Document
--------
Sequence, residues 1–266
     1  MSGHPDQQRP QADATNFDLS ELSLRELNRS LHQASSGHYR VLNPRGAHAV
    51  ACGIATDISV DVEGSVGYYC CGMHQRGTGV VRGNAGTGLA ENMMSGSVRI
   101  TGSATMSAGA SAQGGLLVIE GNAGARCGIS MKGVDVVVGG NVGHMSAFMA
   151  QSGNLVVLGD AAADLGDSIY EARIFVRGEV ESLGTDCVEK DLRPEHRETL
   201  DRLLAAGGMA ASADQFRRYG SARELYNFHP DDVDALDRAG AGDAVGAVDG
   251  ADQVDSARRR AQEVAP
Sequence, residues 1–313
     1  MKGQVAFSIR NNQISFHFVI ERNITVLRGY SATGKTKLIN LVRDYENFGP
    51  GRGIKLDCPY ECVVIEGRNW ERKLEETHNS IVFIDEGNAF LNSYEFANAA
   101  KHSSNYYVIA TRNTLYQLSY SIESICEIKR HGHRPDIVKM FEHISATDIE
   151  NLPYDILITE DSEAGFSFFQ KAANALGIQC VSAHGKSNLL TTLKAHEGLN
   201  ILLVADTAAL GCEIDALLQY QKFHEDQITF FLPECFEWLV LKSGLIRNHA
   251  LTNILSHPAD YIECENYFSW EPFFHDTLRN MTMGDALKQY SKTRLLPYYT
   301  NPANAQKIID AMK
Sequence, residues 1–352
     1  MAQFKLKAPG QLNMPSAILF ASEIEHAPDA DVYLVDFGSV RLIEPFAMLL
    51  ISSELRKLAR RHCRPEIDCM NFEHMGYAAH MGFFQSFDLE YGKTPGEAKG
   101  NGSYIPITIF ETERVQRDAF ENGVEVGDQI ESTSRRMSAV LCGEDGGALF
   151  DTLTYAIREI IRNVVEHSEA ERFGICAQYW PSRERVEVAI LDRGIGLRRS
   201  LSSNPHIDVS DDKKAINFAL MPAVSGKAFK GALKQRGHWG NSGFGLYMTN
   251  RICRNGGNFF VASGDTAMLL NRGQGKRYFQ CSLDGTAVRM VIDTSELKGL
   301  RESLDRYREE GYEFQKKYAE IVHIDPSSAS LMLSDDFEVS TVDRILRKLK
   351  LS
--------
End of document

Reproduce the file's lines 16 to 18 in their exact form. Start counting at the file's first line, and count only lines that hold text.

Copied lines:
Sequence, residues 1–352
     1  MAQFKLKAPG QLNMPSAILF ASEIEHAPDA DVYLVDFGSV RLIEPFAMLL
    51  ISSELRKLAR RHCRPEIDCM NFEHMGYAAH MGFFQSFDLE YGKTPGEAKG